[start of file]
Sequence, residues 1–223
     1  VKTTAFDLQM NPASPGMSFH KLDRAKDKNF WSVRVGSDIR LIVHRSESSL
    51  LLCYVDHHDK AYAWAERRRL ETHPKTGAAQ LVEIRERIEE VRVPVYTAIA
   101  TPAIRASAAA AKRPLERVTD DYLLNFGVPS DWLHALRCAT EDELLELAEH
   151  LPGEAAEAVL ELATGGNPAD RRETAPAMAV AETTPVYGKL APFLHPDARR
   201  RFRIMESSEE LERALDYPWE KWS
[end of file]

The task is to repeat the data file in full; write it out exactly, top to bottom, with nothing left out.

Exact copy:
Sequence, residues 1–223
     1  VKTTAFDLQM NPASPGMSFH KLDRAKDKNF WSVRVGSDIR LIVHRSESSL
    51  LLCYVDHHDK AYAWAERRRL ETHPKTGAAQ LVEIRERIEE VRVPVYTAIA
   101  TPAIRASAAA AKRPLERVTD DYLLNFGVPS DWLHALRCAT EDELLELAEH
   151  LPGEAAEAVL ELATGGNPAD RRETAPAMAV AETTPVYGKL APFLHPDARR
   201  RFRIMESSEE LERALDYPWE KWS